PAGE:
The detect operation 14 causes the controller to call an ID that is known to be non-responsive. The form of the call includes the controller ID as well as the target ID. If the target ID is for a location that is known to be unused or disabled, there should be no response to the call. If there is a response, then detect operation 14 detects the response. Such a response indicates that there is a slot with an installed SCSI device that has configured its ID address to be the same as the controller's. In particular, there is a narrow SCSI device at the test ID that has caused the test ID to alias to the controller ID.
When operation 14 detects a response, then isolate operation 16 isolates the test ID from the SCSI bus and marks the test ID as unusable. The isolation of the test ID is necessary since all actions on the bus by the controller will contain the controller ID which would trigger an improper response from the narrow drive at the test ID aliasing to the controller ID. Isolating the narrow SCSI device at the test ID location will likely require disabling a segment of the SCSI bus. If the segment contains more than one ID location, SCSI devices at those locations will also be cut off from the bus and marked as unusable.
For all test IDs, that do not alias to a controller ID, the operation flow branches "No" at operation 12 to conflict decision operation 18. Operation 18 tests for a conflict on the SCSI bus in response to a call to the low ID. A bus conflict results if two SCSI devices are responding to a call from the controller. The two responses are mixed on the bus, and a bus conflict manifests itself as a parity error in the response on the bus. A bus conflict at a low ID occurs if there is a SCSI device at the low ID and a narrow SCSI device at the high ID. For all test IDs that produce a bus conflict at the low ID, the logical operation flow branches "Yes" to detect operation 20. Detect operation 20 causes the controller to send a call at the high ID. Operation 20 tests for a response at the high ID. Since there was a conflict at the alias low ID, there should be no response detected at the high ID. Thus, operation 20 verifies the "Yes" result from operation 18. After operation 20, both the low ID and the high ID that aliases to the low ID are marked as unusable by operation 22.
If decision operation 18 does not find a bus conflict, the operation flow branches to detect operation 24. Detect operations 24 and 25 are testing for potential conflicts. Detect operation 24 detects that there was a response at the low ID and then generates a call to the high ID to detect no response at the high ID. Detect operation 25 detects from the bus map that there is no SCSI device at the low ID and there is a SCSI device at the high ID. This detection combination indicates there is no SCSI device at the low ID location and that a narrow SCSI device at the high ID location is responding at the alias low ID. After the combination of operations 24 and 25, mark operation 22 marks the low ID and high ID as unusable. In this way, a potential conflict in the future, when a SCSI device is installed at the low ID location, is prevented.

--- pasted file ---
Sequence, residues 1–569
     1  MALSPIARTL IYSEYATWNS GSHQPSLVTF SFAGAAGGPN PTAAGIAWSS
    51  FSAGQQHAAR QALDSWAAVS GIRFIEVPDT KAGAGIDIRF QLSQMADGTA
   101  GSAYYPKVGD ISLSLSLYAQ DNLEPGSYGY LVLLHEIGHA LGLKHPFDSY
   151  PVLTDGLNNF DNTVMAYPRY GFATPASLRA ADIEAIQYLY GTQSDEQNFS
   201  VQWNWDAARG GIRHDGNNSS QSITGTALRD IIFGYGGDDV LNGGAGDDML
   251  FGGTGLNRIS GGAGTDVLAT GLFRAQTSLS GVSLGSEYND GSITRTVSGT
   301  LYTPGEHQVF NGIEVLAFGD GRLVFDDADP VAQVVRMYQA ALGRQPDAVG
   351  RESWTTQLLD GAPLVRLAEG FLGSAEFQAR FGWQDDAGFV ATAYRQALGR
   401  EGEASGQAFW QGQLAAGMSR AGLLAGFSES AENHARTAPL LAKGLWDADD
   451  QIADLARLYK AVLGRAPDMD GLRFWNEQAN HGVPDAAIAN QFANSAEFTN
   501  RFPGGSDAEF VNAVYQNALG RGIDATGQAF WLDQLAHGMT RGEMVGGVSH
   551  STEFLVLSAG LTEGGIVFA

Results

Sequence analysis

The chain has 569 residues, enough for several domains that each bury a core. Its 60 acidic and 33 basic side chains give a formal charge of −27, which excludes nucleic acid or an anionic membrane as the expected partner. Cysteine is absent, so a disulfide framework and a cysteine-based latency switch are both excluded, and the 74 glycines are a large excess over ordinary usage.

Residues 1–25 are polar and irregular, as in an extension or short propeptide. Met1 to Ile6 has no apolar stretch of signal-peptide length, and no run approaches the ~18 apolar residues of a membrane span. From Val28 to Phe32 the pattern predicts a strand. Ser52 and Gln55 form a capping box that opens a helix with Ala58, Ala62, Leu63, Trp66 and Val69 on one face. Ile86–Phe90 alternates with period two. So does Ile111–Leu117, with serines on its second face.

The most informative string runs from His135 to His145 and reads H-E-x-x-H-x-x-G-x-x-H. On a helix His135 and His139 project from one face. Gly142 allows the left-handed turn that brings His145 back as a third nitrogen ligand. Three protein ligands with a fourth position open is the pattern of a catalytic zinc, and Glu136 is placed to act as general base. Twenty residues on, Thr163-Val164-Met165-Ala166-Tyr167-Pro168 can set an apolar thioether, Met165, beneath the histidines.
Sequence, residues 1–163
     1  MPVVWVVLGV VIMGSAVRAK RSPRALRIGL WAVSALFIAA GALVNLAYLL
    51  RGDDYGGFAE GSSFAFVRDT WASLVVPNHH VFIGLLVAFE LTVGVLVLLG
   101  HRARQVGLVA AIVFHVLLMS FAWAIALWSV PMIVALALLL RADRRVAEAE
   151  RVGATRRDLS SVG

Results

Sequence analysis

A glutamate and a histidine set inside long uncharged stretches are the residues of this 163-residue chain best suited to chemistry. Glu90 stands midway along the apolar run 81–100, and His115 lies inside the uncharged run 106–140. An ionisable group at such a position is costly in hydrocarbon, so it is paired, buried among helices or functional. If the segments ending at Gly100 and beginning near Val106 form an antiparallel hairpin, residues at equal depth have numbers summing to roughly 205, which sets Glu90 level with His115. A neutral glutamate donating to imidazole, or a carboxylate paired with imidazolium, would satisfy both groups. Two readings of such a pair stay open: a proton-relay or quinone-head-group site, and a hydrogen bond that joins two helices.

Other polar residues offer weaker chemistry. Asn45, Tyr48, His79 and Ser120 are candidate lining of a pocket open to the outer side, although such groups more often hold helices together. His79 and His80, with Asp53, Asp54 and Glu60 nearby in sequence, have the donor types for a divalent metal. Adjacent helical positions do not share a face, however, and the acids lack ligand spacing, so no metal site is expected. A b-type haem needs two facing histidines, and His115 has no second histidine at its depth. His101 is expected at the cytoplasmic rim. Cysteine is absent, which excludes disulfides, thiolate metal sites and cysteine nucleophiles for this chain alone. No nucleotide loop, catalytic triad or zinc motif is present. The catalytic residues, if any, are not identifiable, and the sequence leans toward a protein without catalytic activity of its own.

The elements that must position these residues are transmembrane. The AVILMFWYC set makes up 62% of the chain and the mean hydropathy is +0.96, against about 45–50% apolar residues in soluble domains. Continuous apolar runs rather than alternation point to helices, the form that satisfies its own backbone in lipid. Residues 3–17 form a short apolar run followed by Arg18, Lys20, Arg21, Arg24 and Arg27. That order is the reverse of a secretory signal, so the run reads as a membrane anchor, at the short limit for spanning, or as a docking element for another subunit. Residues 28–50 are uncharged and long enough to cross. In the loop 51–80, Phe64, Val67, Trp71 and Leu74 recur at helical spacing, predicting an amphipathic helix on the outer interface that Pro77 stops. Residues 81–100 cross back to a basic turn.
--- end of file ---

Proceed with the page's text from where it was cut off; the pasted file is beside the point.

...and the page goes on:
An operating environment, as shown in FIG. 2, for the preferred embodiment of the invention is a system having multiple controllers (or initiators) and a plurality of SCSI devices connected to the controllers over a plurality of SCSI buses. The storage system in FIG. 2 has three cabinets, Cabinet 0, Cabinet 1 and Cabinet 2, for SCSI devices. Each cabinet can hold twenty four SCSI devices 50, for example hard disk drives, distributed over six SCSI buses, SCSI 1 through SCSI 6, with four SCSI devices per bus. Each SCSI bus has a bus extender chip 52 that enables the bus to be connected to the same bus in other cabinets. Since there are three cabinets and four SCSI devices 50 per SCSI bus per cabinet, there are twelve SCSI devices 50 per SCSI bus. The bus extender chips 52 are enabled or disable to effectively divide each SCSI bus into three segments with four SCSI devices per segment. The bus extender chip, designed by Digital Equipment Corporation and Symbios Logic, Inc., is a SYM53C120 chip available from Symbios Logic, Inc.